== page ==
The sewing skills and abilities of Arctic peoples is unbelievable. They are able to stitch garments made out of gut that are entirely waterproof because the stitching they’re using is so sealed and so tight. If you’re already spinning sinew because you’re making thread out of it, and you happen to come across a piece of musk ox hair on the ground, you know how to spin. It’s a very intuitive technique. I’ve also seen baskets made with Thule material. If you know how to make baskets, you know how to weave.

Why is the idea of indigenous fiber technology shocking, surprising people so much? I don’t know.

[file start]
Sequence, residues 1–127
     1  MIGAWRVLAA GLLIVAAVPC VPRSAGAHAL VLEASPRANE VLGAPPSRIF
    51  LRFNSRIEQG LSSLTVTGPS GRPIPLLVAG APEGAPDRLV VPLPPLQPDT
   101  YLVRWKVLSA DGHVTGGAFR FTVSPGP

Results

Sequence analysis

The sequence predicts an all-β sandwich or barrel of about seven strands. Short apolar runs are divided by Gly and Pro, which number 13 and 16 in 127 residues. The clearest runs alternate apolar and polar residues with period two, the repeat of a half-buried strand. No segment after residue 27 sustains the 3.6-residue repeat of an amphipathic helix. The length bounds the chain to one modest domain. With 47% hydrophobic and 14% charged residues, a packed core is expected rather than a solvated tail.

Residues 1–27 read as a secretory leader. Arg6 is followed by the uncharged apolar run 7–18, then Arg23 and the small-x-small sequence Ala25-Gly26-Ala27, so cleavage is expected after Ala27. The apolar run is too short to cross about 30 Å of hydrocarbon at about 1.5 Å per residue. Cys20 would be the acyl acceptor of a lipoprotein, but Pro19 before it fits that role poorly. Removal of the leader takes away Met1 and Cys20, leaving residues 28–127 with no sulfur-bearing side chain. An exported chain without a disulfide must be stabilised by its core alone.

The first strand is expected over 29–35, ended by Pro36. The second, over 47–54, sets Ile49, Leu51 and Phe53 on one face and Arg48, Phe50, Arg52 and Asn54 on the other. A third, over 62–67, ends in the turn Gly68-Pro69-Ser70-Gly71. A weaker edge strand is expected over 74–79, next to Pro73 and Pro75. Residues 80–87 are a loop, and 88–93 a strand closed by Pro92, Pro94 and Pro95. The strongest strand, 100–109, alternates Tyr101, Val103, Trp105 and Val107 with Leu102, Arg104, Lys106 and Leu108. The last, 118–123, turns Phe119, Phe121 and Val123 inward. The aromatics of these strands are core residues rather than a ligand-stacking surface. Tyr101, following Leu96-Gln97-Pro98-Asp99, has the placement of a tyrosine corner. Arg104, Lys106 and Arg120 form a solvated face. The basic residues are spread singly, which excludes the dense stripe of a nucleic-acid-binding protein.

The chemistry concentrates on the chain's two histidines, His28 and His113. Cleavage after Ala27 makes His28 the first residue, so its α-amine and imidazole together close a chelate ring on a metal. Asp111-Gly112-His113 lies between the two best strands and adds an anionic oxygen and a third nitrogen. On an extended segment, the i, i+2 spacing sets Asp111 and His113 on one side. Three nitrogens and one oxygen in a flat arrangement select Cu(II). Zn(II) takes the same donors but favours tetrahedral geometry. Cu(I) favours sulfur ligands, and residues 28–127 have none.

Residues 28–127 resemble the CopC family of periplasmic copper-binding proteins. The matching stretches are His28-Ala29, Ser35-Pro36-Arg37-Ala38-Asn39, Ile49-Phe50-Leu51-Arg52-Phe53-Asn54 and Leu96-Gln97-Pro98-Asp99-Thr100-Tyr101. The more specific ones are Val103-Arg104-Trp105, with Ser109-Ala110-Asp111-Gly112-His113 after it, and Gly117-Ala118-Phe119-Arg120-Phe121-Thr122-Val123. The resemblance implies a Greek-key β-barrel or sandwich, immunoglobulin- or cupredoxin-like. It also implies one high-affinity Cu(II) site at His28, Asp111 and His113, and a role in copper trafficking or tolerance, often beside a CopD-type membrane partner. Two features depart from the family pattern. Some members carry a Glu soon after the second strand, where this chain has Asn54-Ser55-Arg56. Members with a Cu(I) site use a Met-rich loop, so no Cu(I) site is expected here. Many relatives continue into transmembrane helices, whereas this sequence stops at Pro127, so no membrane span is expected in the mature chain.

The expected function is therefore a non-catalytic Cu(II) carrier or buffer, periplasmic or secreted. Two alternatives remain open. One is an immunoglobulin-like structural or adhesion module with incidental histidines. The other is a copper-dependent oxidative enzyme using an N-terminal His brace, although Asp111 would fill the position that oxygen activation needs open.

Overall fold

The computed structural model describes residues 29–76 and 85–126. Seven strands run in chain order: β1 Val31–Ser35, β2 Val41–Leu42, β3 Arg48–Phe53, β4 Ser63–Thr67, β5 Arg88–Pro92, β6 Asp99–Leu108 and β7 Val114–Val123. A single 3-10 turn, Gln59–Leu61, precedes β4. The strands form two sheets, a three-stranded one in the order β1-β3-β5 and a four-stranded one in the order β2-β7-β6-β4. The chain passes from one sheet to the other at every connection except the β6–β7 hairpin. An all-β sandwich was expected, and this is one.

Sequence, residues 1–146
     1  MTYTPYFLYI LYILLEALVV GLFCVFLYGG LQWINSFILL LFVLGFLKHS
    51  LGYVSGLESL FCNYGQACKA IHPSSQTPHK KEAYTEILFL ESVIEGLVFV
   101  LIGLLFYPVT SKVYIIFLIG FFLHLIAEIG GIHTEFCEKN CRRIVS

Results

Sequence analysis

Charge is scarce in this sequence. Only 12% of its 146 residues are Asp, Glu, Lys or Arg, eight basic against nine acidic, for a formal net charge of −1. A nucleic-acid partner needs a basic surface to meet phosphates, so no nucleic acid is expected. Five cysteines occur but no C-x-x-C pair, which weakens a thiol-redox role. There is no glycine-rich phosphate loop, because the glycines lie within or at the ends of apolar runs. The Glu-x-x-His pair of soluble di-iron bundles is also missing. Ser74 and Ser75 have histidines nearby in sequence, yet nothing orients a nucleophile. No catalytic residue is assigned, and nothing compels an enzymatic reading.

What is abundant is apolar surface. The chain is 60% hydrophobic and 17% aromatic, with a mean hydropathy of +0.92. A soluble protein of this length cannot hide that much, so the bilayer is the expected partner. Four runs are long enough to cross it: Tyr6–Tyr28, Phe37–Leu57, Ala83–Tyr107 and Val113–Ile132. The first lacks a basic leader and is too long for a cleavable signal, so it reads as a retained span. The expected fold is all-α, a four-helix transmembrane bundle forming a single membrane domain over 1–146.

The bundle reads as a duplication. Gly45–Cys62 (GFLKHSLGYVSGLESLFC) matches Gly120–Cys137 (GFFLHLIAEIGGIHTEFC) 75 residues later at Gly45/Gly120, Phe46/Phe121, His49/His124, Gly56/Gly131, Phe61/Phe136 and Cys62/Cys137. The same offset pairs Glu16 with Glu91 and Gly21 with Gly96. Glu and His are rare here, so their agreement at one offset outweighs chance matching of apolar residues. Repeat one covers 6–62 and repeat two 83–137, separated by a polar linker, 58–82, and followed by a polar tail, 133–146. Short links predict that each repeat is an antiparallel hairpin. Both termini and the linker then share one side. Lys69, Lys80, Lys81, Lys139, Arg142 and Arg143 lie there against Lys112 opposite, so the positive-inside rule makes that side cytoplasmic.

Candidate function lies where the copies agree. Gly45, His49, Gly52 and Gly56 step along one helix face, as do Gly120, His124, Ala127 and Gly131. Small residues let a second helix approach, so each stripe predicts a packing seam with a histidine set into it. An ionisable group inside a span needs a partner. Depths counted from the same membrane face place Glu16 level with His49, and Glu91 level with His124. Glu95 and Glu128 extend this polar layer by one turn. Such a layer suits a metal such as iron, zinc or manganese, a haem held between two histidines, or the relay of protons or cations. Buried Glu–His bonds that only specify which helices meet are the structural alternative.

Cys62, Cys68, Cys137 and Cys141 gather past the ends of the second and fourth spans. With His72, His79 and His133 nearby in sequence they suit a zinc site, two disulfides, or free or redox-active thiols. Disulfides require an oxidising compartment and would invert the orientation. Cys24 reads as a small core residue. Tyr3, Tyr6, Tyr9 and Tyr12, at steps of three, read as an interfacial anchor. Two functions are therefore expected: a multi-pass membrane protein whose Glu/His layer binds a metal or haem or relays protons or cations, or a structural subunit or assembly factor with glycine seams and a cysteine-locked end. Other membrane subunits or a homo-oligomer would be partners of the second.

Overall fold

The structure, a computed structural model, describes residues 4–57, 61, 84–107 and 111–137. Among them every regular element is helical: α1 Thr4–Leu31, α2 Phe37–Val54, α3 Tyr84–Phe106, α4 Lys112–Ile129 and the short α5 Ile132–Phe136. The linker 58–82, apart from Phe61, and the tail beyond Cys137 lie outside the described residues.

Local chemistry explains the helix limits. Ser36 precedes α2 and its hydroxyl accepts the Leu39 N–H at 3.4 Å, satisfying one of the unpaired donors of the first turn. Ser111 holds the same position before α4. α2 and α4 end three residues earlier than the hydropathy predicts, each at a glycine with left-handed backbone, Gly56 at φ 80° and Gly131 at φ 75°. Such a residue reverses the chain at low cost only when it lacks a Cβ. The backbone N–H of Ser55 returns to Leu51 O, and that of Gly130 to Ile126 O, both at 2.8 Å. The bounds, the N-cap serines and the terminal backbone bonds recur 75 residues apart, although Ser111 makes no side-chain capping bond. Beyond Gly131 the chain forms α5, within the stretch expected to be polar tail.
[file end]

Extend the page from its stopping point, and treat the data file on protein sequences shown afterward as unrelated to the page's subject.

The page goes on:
What other questions do your findings raise?


KPS: One of the big questions that it raises is, what is the fiber technology of the Dorset? It also shows that the history of contact between various Indigenous cultures of the North (the Dorset and the Thule) with one another and with different European explorers was more complex than expected—and can be unraveled with such unexpected artifacts as yarn and cloth.

But I think the most important finding is that the analyses document nearly 1,500 years of creativity, innovation, selective acquisition and use of textiles by the Indigenous people of the Arctic rather than forcing us to believe that spinning yarn and other cultural changes in the North required a brief period of technological transfer from Europeans.

The research appears in the Journal of Archaeological Science. An additional author is from the Arctic University of Norway.

Source: Brown University